Godly Sorrow and Repentance

This Easter week, two former leaders at Mars Hill Church made something right with me. Both demonstrated to me what the Apostle Paul called godly sorrow or repentance. On this very Good Friday, as we meditate on the death of Christ, I thought it appropriate to extend that meditation to what His death accomplished for us in the way of repairing with those we have sinned against, which is foundational to the redemption and healing His death brings for all mankind.

Adapted from Chapter 5 of The Gospel-Centered Woman:

What is repentance in the Bible? It is more than simple remorse or regret. It goes beyond mere sorrow. The Apostle Paul sheds light on this difference in 2 Corinthians 7.

9 yet now I am happy, not because you were made sorry, but because your sorrow led you to repentance. For you became sorrowful as God intended and so were not harmed in any way by us. 10 Godly sorrow brings repentance that leads to salvation and leaves no regret, but worldly sorrow brings death. NIV

Paul draws a distinction between good, godly sorrow that leads us to authentic confession and repentance and worldly sorrow that leads to death. Paul is not shy about the consequences of this worldly sorrow that is not of God. It leads to destruction, and we are wise to understand what distinguishes these different types of sorrow or regret.

Worldly sorrow is characterized by feelings of shame, pain, or embarrassment that you got caught in sin. Along with that shame, you may feel hopelessness over ever being cleansed from your sin or your ability to repair the relationship with the person you sinned against. Such worldly sorrow may be relieved by someone else doing something for you or you doing something for yourself. Maybe you seek out someone to affirm you or distract you. You may try to manipulate how others think of you and look to them to make you feel better about yourself. If one relationship is broken, you may manipulate other relationships to replace the one you harmed.

In contrast, godly sorrow is sorrow that directs you to Christ. You do not need someone else to do something for you. You do not need to do something for yourself. Instead, you fall flat on your face before God alone, for godly sorrow points you directly to Him. Godly sorrow is relieved by repentance and faith in what Christ has already done for you. Then, resting in what God has done for you, you can lay down your attempts to justify yourself to others. You can simply ask their forgiveness and repair with those you have hurt.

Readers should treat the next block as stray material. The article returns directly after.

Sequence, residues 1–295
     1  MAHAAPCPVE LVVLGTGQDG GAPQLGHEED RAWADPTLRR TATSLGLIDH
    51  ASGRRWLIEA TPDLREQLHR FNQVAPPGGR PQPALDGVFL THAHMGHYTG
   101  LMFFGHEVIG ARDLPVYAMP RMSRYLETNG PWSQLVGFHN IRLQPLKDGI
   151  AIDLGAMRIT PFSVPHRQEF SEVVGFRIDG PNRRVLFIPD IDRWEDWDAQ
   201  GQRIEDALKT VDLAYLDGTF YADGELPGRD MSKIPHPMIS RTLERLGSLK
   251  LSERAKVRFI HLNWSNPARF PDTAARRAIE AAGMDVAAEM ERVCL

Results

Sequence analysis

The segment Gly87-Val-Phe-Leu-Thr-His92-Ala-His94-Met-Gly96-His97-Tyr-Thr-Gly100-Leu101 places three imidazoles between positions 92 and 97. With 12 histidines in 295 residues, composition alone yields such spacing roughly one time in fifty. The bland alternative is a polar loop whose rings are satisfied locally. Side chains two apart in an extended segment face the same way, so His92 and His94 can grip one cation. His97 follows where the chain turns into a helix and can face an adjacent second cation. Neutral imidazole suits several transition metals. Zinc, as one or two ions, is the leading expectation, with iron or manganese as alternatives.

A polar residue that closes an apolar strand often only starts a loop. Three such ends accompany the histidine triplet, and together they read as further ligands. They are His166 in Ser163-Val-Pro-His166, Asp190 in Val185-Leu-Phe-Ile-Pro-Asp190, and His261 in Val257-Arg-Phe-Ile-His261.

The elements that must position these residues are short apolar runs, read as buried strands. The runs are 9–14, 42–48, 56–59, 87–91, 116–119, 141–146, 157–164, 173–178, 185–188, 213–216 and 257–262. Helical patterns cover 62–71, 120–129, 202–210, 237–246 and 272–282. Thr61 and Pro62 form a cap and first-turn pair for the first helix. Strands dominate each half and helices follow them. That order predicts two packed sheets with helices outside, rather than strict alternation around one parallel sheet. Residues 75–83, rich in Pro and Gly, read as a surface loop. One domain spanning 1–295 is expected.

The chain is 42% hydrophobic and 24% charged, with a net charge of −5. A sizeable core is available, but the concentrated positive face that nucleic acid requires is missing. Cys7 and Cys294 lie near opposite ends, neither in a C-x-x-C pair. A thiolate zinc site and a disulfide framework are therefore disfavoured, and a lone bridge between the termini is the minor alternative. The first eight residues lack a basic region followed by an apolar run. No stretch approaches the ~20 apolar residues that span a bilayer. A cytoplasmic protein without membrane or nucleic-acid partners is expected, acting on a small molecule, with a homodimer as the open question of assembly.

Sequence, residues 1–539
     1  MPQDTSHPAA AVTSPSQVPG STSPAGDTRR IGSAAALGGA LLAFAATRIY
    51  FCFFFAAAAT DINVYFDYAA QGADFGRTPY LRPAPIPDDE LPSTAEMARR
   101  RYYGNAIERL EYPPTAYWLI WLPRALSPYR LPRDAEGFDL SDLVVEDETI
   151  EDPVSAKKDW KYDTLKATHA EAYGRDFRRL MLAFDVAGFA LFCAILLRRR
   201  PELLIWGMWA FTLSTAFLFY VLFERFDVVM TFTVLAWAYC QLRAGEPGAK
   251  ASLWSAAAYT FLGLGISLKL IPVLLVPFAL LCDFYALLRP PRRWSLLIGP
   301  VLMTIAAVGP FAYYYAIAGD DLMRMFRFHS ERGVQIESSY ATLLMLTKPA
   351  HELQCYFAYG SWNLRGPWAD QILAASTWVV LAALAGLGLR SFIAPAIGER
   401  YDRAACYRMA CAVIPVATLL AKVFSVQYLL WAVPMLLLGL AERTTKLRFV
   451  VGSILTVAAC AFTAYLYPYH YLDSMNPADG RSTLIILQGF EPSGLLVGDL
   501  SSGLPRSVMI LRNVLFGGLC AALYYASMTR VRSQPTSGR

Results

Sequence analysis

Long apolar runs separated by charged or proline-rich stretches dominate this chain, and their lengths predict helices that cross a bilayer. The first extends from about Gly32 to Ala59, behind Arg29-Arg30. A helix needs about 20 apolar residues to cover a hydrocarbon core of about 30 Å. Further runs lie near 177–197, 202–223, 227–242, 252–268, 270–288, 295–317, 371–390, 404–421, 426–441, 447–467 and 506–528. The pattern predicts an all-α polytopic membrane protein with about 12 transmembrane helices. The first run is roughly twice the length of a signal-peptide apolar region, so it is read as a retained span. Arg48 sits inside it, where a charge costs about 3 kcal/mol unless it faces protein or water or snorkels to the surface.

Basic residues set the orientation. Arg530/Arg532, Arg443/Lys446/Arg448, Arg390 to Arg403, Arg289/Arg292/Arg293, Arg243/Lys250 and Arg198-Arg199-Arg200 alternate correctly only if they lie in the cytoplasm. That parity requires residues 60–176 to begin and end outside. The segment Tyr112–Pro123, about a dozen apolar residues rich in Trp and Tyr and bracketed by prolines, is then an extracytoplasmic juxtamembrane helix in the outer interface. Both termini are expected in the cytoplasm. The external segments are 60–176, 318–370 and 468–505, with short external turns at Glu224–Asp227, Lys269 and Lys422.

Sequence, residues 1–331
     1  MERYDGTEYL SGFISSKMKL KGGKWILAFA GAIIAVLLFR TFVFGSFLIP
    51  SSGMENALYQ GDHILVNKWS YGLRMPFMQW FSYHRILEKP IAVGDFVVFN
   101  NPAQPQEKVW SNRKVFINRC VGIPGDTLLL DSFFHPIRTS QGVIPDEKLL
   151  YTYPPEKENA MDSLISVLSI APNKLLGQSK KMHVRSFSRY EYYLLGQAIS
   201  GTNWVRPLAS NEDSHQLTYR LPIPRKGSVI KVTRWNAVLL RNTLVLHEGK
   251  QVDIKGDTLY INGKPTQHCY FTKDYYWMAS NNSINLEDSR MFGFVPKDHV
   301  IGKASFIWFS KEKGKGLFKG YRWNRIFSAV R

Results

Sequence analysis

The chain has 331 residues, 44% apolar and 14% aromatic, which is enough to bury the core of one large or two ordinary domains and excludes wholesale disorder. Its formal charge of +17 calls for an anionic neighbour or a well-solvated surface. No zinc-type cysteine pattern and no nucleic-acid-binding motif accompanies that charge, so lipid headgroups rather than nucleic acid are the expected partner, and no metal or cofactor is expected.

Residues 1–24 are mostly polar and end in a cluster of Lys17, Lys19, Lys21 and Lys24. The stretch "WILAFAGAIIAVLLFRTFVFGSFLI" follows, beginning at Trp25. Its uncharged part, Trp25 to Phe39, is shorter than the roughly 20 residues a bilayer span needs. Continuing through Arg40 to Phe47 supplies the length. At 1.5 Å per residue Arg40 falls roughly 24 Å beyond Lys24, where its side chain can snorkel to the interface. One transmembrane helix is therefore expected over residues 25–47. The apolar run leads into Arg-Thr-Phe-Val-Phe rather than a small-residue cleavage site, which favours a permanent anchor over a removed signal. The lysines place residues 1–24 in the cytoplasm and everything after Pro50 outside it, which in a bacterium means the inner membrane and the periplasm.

Many of us spend years of our lives mistaking worldly sorrow on a wide range of sin issues for authentic repentance and then wonder why we never change or why our relationships never heal. Feeling bad about what you have done is not the same as a godly sorrow that leads to repentance. God calls us to recognize our wrongdoing and need for forgiveness and then turn to God to forgive and correct it. We do not have to live in a perpetual state of regret and shame. Christ bore our shame and condemnation on the cross. His sacrifice for us equips us to face our sin head-on without fear that it will forever define us.

3 Responses to Godly Sorrow and Repentance

  1. Curious Thinker April 19, 2014 at 10:32 pm #

    Good Post, I like how you point out the differences between worldly sorrow and godly sorrow, which I agree many may confuse the two. We could all do better by turning to Christ in godly sorrow rather than just engaged just self-pity look for others to make us feel better which is worldly sorrow once we understand the distinction. Happy Easter.

  2. Pia April 21, 2014 at 1:24 am #

    Your last line, “His sacrifice for us equips us to face our sin head-on without fear that it will forever define us,” is meaningful to me. I often allow circumstances to define me – both positive and negative ones – neither of which is helpful. So if I replace “sin” with “circumstances” in that sentence I find hope.
    Happy to see a post here. Have been missing them. Hope all is well and that you and yours celebrated in fine fashion this Easter Sunday.

  3. Wendy April 21, 2014 at 2:34 am #

    Thanks, Pia!